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Jason Fodeman, MD and Phil Factor, DO: Solutions to the Primary Care Physician Shortage August 4, 2015

By Jason Fodeman, MD and Phil Factor, DO

The American Journal of Medicine, August 4, 2015

A primary care physician shortage currently exists in this country. As millions get health insurance under the Patient Protection and Affordable Care Act, this shortage is likely to grow. It is imperative that leaders recognize the need to grow primary care capacity. This piece will explore solutions to increase primary care capacity in the United States.

The Kaiser Family Foundation estimates that 8073 additional primary care physicians are required to eliminate Primary Care Health Professional Shortage Areas from the United States in 2014. Petterson et al forecast that the United States will require 52,000 more primary care doctors by 2025; the majority (33,000) will be needed because of population growth; aging and insurance expansion will require an additional 10,000 and 8000, respectively. These estimates are based on current practice patterns and do not consider that physician panel sizes may be smaller in the future, which would amplify the primary care physician shortage. To compound matters further, primary care physicians now work part-time more frequently and are retiring at an earlier point in their careers than in the past.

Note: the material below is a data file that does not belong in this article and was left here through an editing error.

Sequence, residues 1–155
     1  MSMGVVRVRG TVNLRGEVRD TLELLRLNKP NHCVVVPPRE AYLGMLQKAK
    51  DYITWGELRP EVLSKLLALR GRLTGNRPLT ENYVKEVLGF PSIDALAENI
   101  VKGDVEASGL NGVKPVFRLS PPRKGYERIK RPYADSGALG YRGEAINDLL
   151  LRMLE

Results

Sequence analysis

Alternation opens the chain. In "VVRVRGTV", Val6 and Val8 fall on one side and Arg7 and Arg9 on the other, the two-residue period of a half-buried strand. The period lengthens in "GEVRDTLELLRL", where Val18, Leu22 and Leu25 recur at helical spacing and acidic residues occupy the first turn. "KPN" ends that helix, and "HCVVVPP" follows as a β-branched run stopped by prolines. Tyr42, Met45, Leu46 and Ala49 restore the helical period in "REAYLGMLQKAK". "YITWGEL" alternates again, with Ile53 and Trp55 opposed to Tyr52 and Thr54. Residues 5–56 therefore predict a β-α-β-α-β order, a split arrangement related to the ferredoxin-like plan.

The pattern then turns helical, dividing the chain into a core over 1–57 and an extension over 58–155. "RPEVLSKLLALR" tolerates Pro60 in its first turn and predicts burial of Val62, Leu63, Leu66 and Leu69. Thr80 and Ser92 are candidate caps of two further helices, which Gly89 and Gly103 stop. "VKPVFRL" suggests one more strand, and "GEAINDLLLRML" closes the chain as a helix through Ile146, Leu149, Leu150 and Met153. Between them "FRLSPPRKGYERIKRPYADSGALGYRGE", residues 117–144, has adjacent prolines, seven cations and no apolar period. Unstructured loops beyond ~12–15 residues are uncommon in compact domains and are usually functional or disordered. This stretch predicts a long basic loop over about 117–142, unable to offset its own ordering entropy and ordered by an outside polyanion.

Solutions to increase the number of primary care physicians have been proposed. Increased emphasis on primary care by medical schools is a common starting point. This is being done through opening of new medical schools with novel curricula with earlier integration of clinical experiences. Another expanding source of primary care physicians is the rapid growth of osteopathic medical schools that stress primary care career paths. Existing allopathic schools are exposing medical students to primary care at an early stage. Beverly et al found that a week-long primary care course favorably affects the perceptions of first year medical students toward the specialty. More research will be needed to determine whether this type of exposure influences selection of primary care career paths. Certainly these will help, but it is likely more will need to be done to solve the problem.

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